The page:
• Elizabeth Bowler

        All good points David, a court trial could turn out very differently than a jury trial. I have found that jury trials can have a greater element of “emotion” especially when it is a particularly horrific crime (Marsh, for example) or involves the death of a child, both of which are very upsetting to jurors. A judge is likely to be more dispassionate and look just at the facts that have been presented, at least that has been my experience.

  4. Antoinette

    I really appreciate you taking the time to post the actual value and the reference ranges.
    According to the standards of our lab and that provided below from Up to Date as of 4/2014, there is a difference of opinion with regard to “normal levels”. These are the cited levels for children. I do not treat women whose Vitamin D levels are 20 or above. It is also very important to consider that Vitamin D is a fat soluble vitamin and it is possible to overdose, thus supplementation should be used with caution.

    ●Vitamin D sufficiency: 25(OH)D ≥20 ng/mL (50 nmol/L)
    ●Vitamin D insufficiency: 25(OH)D between 15 and 20 ng/mL (37.5 and 50 nmol/L)
    ●Vitamin D deficiency: 25(OH)D ≤15 ng/mL (37.5 nmol/L)

    According to these standards, baby Stone’s vitamin D level was within the normal range albeit at the lower end.
    I sincerely doubt that this is the level of Vitamin D that one would associate with rickets, and I completely agree that this should be taken off the list of possibilities for this case.

    • Elizabeth Bowler

      What about the radiographic evidence of the disease in the long bones according to Dr. Barnes? Surely you can’t just dismiss that.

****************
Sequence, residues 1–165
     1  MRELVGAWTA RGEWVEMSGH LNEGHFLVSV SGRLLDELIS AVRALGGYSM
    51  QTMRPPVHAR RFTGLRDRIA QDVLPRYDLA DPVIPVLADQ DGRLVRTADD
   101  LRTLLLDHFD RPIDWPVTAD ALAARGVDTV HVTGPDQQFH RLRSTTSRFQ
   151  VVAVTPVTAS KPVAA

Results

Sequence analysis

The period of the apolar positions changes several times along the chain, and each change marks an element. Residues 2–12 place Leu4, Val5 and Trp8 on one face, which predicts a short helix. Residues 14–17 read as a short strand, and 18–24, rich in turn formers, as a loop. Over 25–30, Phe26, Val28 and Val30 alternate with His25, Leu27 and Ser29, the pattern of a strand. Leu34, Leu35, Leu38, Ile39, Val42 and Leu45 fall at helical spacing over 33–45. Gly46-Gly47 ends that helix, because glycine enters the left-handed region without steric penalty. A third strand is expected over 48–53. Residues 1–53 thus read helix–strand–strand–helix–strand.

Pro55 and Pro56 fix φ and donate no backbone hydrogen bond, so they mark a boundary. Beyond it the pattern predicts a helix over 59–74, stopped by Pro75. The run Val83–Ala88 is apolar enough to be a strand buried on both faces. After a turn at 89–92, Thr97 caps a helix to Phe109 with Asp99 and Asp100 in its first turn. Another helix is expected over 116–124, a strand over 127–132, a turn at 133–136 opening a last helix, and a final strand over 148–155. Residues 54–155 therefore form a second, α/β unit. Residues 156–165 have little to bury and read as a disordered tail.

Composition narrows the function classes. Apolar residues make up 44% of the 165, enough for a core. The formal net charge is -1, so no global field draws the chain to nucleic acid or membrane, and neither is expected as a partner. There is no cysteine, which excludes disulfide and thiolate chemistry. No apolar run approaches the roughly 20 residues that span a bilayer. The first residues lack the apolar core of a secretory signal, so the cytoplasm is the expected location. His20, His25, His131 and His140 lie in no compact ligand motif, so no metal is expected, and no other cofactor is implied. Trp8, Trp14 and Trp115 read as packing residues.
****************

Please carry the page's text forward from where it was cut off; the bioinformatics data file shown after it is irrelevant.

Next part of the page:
Also, the baby’s Vitamin D level at 3 months is going to be considerably higher than it was in utero because it will rise after birth

    • Elizabeth Bowler

      I will have to double check this, but I recall that the average serum level in rickets cases in infants if is 21. In any event, a level of 20 is certainly “low enough” to result in the disorder, and it was undoubtedly lower still in utero.

      • Elizabeth

        I simply do not have the expertise to judge Dr. Barnes statements about the long bones.
        No dismissive intent here. I simply cannot speak to the full differential that could lead to the findings he sites and since in the reporting presented the differential was not presented, I have no basis on which to form an opinion.

        Getting back to your statements about Vitamin D, I simply do not agree. Without knowing the level of the baby’s mother and without knowing the value at birth, we simply do not know whether or not this could have played a role. What we do know is that the level of at the time of draw was 20.

        The information that I posted previously was from Up to Date. A more extensive explanation of the basis for this is as follows

        “Standards for defining vitamin D sufficiency in healthy children are not well established. In children, radiological changes of rickets and low bone density have been reported at 25(OH)D levels of <16 to 18 ng/mL (40 to 45 nmol/L), and alkaline phosphatase (ALP) levels have been noted to rise at 25(OH)D levels <20 ng/mL (50 nmol/L) [36-42]. Among 500 immigrant children in Scotland during the 1970s, radiographic changes consistent with rickets were found in 32 children (6 percent) [42]. The mean 25(OH)D level among children with subclinical rickets was 8.5 ng/mL (21 nmol/L), as compared to 16.5 ng/mL (41.5 nmol/L) among patients without radiographic changes; the positive predictive value of a 25(OH)D level ≤15 ng/mL for rickets was 41 percent. In separate studies in adolescent girls in Finland and boys in Tasmania, 25(OH)D levels less than 16 ng/mL (40 nmol/L) were associated with elevated markers of bone turnover and reduced bone mineral density [38,40,43]. At this time, there is little evidence from studies in children to indicate that vitamin D levels above the threshold of 20 ng/mL (50 nmol/L) are necessary to optimize calcium absorption or bone density.